The two countries have worked closely ahead of the upcoming G-20 summit in Los Cabos and share similar aspirations to make it a successful discussion of topics such as sustainable development, poverty reduction, economic and financial reforms and the fight against protectionism. For example, Deputy Finance Minister Gerardo Rodriguez told me on Thursday how he appreciated the work being done by Turkey as one of the co-chairs of a workgroup called the International Financial Architecture Working Group, established to improve the international financial architecture that could be achieved through an expansion of the global financial resources for crisis prevention, in particular through the International Monetary Fund (IMF).
Though both Turkey and Mexico, relatively unscathed by the economic crisis in the eurozone, are expected to post some 4 percent growth in their GDPs this year, they realize the existence of huge stakes for their economies if the issues in world financial stability continue to linger much longer. Hence the common objective for both is to have increasing voice in the global financial institutions like the IMF and the World Bank so they can push for structural reforms, fiscal and otherwise, to shore up a fragile world economy. They are equally concerned that the US is stalling over implementing a 2010 voting reform deal which would reduce Europe’s dominance over the IMF board and give a stronger voice to emerging economies like Turkey and Mexico.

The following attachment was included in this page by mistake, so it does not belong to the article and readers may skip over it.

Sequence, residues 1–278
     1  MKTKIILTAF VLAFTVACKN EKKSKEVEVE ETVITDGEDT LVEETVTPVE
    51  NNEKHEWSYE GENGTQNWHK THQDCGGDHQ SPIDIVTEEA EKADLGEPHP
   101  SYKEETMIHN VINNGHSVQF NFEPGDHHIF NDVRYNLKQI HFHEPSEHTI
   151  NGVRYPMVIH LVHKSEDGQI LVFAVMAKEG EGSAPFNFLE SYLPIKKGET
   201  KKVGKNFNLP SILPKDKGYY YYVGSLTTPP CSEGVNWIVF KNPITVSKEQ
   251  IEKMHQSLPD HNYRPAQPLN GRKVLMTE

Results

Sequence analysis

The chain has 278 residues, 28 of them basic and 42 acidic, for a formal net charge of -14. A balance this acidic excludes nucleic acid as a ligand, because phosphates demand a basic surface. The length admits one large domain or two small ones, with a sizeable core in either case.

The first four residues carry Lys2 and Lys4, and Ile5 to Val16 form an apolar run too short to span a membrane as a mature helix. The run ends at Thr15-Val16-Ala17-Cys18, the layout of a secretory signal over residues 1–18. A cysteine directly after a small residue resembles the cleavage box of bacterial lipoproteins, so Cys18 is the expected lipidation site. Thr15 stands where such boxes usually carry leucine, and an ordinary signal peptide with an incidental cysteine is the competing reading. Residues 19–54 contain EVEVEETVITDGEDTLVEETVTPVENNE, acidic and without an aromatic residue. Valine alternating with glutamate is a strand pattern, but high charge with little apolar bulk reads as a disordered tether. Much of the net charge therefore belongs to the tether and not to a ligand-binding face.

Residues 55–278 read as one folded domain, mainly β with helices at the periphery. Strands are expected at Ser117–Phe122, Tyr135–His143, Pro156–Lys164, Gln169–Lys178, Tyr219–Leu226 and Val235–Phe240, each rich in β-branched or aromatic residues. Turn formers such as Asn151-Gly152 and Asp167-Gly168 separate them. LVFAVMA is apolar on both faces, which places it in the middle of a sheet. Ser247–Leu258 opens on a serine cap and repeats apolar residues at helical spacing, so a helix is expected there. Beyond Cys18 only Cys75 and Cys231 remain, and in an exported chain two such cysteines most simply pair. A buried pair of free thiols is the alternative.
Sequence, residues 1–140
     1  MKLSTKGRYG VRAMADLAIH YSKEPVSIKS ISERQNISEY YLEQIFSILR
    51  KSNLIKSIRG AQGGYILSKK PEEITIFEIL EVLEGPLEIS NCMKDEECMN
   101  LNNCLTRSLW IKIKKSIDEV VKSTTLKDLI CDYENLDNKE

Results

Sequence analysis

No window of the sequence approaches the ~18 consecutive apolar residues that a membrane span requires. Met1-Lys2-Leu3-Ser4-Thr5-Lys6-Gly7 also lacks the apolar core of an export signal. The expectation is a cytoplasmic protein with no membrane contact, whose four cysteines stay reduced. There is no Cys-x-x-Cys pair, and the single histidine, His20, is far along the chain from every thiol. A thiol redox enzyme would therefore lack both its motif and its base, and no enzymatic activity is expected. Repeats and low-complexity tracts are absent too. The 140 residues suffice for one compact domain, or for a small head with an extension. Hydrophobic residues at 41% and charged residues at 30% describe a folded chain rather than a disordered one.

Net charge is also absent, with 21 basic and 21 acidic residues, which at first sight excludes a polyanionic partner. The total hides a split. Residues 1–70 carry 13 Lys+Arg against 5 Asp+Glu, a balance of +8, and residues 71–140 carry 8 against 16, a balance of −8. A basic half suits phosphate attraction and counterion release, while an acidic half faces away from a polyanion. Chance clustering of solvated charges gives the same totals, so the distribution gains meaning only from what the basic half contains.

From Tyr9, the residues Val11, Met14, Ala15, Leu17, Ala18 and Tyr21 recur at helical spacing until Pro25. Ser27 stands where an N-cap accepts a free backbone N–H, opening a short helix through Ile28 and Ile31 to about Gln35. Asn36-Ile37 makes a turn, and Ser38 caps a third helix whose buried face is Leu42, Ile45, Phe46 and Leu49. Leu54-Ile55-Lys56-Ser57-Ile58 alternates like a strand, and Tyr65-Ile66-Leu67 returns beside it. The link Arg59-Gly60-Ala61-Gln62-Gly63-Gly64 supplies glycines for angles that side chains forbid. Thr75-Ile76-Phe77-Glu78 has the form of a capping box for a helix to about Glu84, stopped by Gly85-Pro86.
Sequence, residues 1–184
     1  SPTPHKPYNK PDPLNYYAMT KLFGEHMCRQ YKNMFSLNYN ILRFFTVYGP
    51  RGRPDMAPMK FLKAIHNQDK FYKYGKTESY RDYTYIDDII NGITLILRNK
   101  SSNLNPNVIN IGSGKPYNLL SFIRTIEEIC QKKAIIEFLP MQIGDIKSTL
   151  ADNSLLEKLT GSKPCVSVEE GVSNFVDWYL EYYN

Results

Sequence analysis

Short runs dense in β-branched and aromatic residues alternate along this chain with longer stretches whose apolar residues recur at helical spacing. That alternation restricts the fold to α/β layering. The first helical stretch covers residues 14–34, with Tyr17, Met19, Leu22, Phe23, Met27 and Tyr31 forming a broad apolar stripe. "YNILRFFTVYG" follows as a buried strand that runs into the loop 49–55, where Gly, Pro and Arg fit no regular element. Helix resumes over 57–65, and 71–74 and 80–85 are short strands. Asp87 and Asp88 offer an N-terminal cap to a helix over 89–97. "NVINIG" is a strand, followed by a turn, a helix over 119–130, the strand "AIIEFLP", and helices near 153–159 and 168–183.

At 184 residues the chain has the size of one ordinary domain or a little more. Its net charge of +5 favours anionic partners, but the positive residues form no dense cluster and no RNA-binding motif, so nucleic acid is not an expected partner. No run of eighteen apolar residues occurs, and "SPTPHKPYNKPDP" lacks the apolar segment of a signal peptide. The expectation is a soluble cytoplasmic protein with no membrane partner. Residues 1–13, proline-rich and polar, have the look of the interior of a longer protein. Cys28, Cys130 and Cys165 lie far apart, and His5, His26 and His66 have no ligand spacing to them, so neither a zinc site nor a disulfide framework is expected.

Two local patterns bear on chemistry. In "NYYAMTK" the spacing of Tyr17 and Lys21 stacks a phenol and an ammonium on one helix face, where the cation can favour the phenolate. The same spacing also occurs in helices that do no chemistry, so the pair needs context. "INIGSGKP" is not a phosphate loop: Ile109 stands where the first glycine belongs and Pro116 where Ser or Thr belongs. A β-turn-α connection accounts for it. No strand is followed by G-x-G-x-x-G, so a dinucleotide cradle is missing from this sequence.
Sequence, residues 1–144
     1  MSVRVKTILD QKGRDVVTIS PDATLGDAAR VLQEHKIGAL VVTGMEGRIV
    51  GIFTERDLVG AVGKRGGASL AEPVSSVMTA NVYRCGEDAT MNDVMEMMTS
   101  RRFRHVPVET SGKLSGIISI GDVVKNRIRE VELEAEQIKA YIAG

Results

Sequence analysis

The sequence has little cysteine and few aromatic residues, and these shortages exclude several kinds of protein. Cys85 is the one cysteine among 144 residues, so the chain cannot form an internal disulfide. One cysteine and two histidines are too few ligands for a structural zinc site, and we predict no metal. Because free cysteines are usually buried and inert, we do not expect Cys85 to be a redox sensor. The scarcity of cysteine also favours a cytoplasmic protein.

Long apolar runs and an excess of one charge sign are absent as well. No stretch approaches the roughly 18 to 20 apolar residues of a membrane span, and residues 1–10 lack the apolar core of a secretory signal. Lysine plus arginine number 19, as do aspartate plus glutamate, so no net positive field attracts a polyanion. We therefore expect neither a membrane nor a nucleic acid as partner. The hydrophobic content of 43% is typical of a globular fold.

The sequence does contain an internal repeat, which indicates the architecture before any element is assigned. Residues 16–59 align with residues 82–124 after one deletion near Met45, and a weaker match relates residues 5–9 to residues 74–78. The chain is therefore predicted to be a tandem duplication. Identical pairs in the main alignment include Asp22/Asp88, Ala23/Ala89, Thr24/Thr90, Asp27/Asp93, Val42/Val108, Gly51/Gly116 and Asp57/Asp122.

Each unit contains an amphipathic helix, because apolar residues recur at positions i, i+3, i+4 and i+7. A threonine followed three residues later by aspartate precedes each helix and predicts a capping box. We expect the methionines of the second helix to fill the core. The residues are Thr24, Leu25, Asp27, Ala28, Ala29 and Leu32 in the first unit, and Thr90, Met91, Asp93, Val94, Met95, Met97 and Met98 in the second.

More importantly for a relationship that is fruitful and profitable in the long term between the two countries, both Turkey and Mexico need to invest greatly in building the catalyzing factor of human -- social and cultural -- ties. That is where the tourism, business, cultural and educational exchanges come into play. Throughout my stay in Mexico, the words of the Mexican Ambassador to Ankara, Saime Garcia Amaral, have continued to echo in my ears. “It is only when Turks travel to Mexico or Mexicans travel to Turkey that they can get to really know what each other’s culture is like and what the other is really about,” Ambassador Garcia once told me. He is absolutely right on that point simply because you can build everything else on top of the strong bond you establish between the people of two countries.